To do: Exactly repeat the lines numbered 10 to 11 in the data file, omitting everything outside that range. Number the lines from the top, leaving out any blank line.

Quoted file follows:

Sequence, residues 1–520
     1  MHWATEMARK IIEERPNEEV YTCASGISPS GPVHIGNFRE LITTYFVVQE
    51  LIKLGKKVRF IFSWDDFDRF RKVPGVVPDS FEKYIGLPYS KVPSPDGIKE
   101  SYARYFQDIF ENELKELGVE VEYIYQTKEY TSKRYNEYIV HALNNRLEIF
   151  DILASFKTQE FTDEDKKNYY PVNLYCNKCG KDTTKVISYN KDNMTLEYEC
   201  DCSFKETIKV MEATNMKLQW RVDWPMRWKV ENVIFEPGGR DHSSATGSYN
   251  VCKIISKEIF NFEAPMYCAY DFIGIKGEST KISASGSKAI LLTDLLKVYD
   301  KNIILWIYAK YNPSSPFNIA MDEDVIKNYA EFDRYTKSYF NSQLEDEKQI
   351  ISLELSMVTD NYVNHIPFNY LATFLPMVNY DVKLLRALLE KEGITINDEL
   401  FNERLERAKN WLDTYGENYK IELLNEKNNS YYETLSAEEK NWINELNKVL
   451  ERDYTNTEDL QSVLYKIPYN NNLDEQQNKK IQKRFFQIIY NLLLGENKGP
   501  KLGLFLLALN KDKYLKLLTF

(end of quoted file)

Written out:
   401  FNERLERAKN WLDTYGENYK IELLNEKNNS YYETLSAEEK NWINELNKVL
   451  ERDYTNTEDL QSVLYKIPYN NNLDEQQNKK IQKRFFQIIY NLLLGENKGP